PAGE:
Parents are often concerned that their kids aren’t brushing effectively enough to clean well, and one of the most common questions we hear is related to the color of children’s teeth. Is it stain, plaque, or something else that is causing their teeth to be so dark?
The truth is that it’s usually not related to anything on the surface at all! Adult teeth are almost always more yellow than baby teeth, and that is because of some of the ways that permanent teeth are different from primary teeth. The first thing that is different is the yellow dentin inside of the teeth. Baby teeth have much less dentin, which is the inner hard part of the tooth. Also, primary dentin is usually a lighter color than permanent dentin. The second thing is that the ratio of dentin to enamel is higher in baby teeth, which means that the inner color of the dentin is more likely to be visible through the adult tooth enamel shell.
So when are you most likely to spot the difference between the two teeth? When your child’s smile, or dentition, is transitioning from baby teeth to adult teeth. This transitional dentition means that you will be able to see the baby teeth side by side with the new front adult teeth, and not only are they a different color, they are usually much bigger than the teeth they replaced.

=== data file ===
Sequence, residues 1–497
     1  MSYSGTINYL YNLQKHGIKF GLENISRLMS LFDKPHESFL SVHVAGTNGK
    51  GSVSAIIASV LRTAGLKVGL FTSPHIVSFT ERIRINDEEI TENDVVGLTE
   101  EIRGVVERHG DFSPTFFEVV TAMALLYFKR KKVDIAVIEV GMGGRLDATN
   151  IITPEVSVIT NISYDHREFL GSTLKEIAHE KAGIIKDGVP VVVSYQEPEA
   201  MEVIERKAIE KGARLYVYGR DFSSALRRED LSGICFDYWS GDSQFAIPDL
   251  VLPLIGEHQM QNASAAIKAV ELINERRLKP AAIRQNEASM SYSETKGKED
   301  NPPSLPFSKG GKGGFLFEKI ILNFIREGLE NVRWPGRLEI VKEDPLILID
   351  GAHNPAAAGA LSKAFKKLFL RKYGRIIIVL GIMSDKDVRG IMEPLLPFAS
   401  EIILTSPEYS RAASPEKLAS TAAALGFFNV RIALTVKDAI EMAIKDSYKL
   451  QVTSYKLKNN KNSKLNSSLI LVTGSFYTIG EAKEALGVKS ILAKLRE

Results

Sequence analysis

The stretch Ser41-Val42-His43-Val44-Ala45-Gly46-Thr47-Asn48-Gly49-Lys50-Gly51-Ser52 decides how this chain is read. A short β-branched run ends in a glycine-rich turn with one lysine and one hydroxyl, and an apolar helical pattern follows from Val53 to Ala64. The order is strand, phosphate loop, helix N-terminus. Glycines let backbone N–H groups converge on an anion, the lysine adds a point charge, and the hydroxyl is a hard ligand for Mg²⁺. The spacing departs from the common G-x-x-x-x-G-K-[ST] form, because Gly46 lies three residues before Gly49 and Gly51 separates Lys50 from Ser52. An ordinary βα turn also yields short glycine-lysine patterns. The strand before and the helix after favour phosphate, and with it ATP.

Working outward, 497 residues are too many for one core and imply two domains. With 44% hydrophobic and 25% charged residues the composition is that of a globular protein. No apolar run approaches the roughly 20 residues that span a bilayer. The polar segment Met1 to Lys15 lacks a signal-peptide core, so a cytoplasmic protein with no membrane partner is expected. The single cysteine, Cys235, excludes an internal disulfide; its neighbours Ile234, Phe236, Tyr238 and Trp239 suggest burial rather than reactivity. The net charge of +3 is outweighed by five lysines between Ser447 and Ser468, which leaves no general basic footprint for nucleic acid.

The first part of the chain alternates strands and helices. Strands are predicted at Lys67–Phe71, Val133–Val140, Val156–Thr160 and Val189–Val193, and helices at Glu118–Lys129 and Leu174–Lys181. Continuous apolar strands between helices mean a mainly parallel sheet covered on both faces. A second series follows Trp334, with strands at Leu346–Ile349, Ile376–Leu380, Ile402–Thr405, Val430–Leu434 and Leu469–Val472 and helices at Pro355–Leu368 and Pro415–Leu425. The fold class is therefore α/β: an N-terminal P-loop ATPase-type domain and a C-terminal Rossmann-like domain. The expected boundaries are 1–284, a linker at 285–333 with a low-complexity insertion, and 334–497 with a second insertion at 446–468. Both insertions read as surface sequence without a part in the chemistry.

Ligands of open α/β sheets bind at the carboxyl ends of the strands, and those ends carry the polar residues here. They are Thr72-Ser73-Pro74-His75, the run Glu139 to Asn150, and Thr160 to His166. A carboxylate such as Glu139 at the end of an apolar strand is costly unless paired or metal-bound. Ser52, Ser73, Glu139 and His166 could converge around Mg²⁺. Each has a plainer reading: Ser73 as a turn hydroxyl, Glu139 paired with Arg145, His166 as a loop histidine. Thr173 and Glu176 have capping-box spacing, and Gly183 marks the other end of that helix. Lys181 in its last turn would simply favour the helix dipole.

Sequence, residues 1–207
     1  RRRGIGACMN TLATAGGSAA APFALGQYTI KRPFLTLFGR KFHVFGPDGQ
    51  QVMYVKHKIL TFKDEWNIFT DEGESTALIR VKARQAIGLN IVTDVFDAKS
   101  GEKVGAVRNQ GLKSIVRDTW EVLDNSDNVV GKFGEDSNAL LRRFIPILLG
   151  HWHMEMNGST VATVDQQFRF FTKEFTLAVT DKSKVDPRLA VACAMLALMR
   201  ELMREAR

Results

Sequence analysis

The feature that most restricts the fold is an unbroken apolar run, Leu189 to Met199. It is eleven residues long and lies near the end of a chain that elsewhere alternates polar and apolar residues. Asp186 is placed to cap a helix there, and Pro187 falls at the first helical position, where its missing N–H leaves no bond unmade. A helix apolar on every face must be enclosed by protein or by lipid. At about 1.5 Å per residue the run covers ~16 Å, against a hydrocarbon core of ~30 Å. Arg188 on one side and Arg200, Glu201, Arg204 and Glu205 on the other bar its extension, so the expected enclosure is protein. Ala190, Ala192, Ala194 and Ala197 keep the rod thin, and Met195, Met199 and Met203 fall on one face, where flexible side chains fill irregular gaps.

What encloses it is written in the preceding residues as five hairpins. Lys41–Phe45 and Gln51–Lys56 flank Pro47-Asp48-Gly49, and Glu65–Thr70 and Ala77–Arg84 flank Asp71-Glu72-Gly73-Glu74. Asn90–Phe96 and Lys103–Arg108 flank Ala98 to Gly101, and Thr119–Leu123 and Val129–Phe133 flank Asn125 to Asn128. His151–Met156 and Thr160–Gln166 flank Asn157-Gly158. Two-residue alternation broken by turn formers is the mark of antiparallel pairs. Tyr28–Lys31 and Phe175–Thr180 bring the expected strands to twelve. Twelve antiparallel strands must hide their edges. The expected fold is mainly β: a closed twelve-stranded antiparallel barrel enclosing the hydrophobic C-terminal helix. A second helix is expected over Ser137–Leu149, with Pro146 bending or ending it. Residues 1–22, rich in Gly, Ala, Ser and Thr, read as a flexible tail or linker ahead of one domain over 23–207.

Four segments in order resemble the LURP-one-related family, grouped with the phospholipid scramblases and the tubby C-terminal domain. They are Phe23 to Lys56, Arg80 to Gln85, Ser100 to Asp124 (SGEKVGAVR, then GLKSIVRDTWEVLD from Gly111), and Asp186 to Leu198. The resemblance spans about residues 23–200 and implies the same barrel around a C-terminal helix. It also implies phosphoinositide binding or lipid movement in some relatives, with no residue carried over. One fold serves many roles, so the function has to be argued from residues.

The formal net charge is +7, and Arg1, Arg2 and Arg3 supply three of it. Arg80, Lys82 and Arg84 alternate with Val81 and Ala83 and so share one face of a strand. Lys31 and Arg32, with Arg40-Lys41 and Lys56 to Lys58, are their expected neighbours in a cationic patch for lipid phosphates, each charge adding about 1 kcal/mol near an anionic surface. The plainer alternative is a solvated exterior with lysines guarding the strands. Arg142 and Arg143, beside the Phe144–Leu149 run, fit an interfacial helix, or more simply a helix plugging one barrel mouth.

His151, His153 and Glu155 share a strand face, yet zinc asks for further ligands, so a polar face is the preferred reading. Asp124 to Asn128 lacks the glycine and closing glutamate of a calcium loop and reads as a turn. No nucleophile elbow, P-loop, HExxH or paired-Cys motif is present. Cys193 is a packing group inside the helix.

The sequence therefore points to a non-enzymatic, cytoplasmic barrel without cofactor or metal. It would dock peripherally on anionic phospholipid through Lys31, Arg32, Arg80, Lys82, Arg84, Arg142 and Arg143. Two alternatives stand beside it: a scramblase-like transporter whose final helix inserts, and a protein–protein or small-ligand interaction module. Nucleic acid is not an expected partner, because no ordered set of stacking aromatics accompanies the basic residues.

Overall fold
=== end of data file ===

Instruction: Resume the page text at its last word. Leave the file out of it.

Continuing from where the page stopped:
Is there anything you can do to improve the color, then? As long as you make sure that there’s not a yellow film covering your child’s teeth, you should just leave the color alone until your child is a teen. Dr. Rossen doesn’t recommend any whitening toothpaste for children or that professional whitening be performed before the age of 14 because it’s just not known whether or not those products may affect growing teeth.
Yellow permanent teeth are not only perfectly normal, then, they’re expected! And as soon as the rest of the primary teeth are lost, you might not even notice that there was ever a difference at all.